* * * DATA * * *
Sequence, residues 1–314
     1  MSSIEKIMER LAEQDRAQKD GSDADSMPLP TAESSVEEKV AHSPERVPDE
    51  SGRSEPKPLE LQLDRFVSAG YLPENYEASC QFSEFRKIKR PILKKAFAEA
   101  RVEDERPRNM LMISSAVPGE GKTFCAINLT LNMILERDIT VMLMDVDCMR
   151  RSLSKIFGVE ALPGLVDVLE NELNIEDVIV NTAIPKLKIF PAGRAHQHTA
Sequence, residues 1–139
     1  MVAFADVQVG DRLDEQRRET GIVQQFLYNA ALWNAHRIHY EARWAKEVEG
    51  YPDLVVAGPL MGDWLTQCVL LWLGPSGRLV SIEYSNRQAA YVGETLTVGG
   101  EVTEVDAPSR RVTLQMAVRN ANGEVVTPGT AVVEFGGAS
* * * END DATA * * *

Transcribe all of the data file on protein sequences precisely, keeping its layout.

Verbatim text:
Sequence, residues 1–314
     1  MSSIEKIMER LAEQDRAQKD GSDADSMPLP TAESSVEEKV AHSPERVPDE
    51  SGRSEPKPLE LQLDRFVSAG YLPENYEASC QFSEFRKIKR PILKKAFAEA
   101  RVEDERPRNM LMISSAVPGE GKTFCAINLT LNMILERDIT VMLMDVDCMR
   151  RSLSKIFGVE ALPGLVDVLE NELNIEDVIV NTAIPKLKIF PAGRAHQHTA
Sequence, residues 1–139
     1  MVAFADVQVG DRLDEQRRET GIVQQFLYNA ALWNAHRIHY EARWAKEVEG
    51  YPDLVVAGPL MGDWLTQCVL LWLGPSGRLV SIEYSNRQAA YVGETLTVGG
   101  EVTEVDAPSR RVTLQMAVRN ANGEVVTPGT AVVEFGGAS